On further thought, is it really the place of Wikipedia to judge whether a school meets these standards all? Are there reliable third-party sources which list "Ex Corde Ecclesiae" colleges as such? Although you maintain that these schools are thoroughly in align with the magisterium and Ex Corde Ecclesiae and other big name colleges are not, are there any sources which assert the same? Remember that Wikipedia has a strict policy against original research. When I think about it, I would be doing OR if, as I suggested above, I looked into colleges and determined for myself whether they are following the USCCB's application of Ex Corde Ecclesiae. -Twinkie eater91 (talk) 03:39, 29 May 2009 (UTC)
The list was taken in its entirety from: Guide. I agree that this has a built-in deficiency of not being able to include or exclude colleges which change. But that is true of most references. Student7 (talk) 12:05, 29 May 2009 (UTC)
So, I would have no basis myself for including Saint Francis unless a reference can be found that says they are in compliance. And this sort of thing needs to be kept up with here somehow without dropping an unwanted list of repetitive footnotes in each colleges list of footnotes.Student7 (talk) 12:09, 29 May 2009 (UTC)
Solid. I was mainly looking for the source of this list, so thanks for finally providing it. The source is pretty clear on the criteria for inclusion and I agree with a lot of what it is saying. The weakness is that only one group's research and application of Ex Corde Ecclesiae and that others schools may improve or be somehow overlooked. The final point I have is that a school may be sucessful and even exemplary in all other areas but fail in a grey area. For example, a school may not have a Catholic majority on its faculty or board of trustees. This is not a stict requirement, but only required "to the extent possible". Similarly, a school might have co-ed dorms which are not strictly forbidden by any document, but simply may hinder an "environment that is expressive and supportive of a Catholic way of life." I don't know personally of any such close cases, and I will leave someone else to argue for them. I just seems that such a school could be even more in line with Ex Corde Ecclesiae than the ones listed by our conservative source. Anyway, good work and thanks for listening to and talking with me about this. -Twinkie eater91 (talk) 16:50, 29 May 2009 (UTC)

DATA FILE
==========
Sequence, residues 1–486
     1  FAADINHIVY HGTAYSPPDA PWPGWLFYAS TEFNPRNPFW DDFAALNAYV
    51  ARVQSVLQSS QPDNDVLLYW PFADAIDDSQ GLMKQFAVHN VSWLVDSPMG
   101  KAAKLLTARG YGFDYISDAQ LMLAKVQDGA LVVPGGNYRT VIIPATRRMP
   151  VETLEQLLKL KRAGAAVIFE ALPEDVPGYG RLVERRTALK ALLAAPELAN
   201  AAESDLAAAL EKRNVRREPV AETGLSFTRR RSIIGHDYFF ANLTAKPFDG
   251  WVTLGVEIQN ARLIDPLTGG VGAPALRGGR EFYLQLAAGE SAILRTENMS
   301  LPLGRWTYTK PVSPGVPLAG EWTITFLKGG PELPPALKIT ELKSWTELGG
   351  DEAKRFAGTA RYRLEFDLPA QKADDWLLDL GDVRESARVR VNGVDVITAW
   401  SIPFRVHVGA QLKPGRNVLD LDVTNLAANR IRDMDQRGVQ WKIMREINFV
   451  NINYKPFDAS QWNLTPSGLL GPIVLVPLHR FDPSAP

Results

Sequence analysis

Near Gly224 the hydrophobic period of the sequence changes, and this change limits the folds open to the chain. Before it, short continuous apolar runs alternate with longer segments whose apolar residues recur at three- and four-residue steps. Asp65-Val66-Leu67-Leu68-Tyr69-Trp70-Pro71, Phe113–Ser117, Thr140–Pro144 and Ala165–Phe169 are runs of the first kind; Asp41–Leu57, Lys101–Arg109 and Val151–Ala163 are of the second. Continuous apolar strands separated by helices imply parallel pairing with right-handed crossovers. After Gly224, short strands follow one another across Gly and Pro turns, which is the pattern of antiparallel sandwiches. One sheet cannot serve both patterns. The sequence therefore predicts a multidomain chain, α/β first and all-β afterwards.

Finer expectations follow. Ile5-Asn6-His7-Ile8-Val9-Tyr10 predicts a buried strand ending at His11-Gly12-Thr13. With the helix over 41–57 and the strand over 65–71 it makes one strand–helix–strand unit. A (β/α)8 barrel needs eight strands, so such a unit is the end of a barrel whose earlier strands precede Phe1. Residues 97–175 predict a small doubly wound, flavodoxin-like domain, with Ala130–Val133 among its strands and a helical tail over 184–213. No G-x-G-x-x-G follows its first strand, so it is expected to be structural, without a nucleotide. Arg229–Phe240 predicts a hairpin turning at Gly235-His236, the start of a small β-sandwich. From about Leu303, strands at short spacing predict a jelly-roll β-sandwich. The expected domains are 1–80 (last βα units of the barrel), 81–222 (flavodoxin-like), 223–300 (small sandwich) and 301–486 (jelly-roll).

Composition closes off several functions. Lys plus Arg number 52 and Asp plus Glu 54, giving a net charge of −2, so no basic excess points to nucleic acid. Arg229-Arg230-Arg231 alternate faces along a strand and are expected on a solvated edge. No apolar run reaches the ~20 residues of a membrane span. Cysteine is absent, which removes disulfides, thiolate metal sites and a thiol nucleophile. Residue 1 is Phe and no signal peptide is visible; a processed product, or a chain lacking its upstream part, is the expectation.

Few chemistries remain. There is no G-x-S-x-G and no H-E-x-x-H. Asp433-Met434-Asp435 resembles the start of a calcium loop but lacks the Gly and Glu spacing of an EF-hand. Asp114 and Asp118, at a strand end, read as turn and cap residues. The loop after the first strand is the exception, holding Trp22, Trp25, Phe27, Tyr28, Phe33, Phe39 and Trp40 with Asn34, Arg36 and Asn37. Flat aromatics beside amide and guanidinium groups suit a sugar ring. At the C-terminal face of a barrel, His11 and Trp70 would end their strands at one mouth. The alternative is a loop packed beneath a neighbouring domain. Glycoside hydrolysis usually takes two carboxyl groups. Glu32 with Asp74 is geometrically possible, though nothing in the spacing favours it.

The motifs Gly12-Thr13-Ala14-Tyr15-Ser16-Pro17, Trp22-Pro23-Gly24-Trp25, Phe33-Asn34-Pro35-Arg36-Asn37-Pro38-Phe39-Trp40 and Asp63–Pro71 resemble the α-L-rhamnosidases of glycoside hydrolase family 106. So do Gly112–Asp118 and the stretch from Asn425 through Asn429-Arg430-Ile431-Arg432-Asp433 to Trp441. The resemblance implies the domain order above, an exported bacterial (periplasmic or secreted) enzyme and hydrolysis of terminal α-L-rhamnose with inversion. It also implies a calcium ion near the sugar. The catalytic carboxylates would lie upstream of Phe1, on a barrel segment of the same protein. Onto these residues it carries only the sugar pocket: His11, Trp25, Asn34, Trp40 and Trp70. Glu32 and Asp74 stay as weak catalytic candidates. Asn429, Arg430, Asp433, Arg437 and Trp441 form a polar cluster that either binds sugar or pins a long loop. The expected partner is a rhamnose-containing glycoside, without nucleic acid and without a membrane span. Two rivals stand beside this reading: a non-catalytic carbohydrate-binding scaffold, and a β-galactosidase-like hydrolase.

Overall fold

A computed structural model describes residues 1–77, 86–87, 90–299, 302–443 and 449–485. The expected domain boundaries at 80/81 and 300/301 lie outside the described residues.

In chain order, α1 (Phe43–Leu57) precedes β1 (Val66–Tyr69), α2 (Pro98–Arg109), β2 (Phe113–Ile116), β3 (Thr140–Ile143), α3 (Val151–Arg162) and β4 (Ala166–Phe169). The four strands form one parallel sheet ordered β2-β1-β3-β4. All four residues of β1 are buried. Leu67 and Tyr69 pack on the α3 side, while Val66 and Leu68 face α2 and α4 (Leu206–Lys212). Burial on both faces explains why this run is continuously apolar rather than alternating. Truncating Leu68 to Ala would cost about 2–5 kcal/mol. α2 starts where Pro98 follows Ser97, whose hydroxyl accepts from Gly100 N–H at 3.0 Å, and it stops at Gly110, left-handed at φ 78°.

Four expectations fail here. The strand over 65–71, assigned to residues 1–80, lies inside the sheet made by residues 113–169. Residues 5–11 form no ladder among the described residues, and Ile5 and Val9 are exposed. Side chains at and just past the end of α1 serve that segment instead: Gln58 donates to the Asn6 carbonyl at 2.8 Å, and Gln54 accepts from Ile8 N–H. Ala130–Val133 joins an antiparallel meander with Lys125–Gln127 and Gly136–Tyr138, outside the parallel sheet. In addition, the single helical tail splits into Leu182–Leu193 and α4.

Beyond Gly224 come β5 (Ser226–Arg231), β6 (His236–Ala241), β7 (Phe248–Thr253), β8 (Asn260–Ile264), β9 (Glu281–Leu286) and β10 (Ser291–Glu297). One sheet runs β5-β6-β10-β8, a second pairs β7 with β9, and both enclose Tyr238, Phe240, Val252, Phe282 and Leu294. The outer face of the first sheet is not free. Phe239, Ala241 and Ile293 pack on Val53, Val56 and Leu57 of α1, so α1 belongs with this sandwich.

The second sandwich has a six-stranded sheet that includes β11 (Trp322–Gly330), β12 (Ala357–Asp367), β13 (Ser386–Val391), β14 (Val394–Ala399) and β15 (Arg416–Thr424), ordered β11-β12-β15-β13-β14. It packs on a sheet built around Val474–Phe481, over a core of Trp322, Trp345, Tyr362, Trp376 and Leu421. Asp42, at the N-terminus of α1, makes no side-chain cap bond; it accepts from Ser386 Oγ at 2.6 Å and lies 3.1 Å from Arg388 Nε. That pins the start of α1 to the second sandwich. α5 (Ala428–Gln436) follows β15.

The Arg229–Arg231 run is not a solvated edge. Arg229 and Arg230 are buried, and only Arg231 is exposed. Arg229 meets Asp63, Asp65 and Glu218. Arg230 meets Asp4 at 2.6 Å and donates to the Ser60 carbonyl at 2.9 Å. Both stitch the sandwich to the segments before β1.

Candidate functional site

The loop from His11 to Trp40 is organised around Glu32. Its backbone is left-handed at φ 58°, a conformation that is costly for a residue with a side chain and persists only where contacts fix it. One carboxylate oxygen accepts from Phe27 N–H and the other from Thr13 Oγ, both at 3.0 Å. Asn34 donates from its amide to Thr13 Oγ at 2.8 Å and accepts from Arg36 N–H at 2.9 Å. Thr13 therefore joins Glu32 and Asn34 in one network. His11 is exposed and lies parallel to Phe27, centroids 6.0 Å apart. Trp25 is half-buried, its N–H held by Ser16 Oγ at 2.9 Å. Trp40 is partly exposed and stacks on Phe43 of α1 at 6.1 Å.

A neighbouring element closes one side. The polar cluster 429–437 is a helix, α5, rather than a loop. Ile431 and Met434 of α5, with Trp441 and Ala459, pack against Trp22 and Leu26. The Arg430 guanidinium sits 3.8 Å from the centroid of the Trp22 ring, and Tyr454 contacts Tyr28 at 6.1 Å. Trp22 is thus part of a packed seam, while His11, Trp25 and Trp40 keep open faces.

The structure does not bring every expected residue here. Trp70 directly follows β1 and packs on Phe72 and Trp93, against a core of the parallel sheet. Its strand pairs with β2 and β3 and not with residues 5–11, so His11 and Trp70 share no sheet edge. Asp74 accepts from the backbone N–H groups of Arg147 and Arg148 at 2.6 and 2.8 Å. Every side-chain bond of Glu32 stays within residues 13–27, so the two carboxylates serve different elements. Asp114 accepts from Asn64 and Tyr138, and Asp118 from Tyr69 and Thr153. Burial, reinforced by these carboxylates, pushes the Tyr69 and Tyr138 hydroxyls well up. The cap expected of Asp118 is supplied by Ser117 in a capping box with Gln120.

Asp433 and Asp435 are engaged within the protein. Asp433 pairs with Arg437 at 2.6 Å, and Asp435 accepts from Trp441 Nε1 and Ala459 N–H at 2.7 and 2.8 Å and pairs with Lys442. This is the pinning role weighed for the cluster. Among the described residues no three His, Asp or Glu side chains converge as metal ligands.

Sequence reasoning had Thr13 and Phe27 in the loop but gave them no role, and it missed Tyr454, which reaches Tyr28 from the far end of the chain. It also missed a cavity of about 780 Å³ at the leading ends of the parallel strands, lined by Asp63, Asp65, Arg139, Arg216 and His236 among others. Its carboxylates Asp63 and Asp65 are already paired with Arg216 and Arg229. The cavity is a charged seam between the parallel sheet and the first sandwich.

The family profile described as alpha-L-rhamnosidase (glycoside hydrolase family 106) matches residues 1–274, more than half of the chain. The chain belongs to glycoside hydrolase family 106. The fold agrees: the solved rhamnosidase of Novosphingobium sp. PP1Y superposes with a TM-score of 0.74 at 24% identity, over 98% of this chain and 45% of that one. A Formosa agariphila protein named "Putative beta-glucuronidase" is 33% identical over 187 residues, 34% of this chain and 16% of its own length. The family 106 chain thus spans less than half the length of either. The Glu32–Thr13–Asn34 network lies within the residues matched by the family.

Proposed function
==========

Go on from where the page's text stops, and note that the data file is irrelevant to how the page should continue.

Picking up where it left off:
The criterion should not be that they are in fact in compliance with the standards of the document, but that they consider that they are, or else that consider that they ought to be. The choice between those two is difficult. No Catholic can simply ignore an encyclical, but one can decide--rightly or wrongly-- that it is inapplicable to one's particular situation. Or, one can admit it is applicable, but think there are valid reasons for not following it totally. Or, most likely, one accepts it as a goal, and intends to reach it as one can, just as one intends to be as virtuous as one can in more general terms, recognizing that one will never become fully virtuous in this life. The Catholic church, like most organizations that survive a long time, has ways of accommodating diversity with a formally uniform structure. I;'m not sure the distinctions can be recognized by a template. DGG (talk) 01:57, 2 July 2009 (UTC)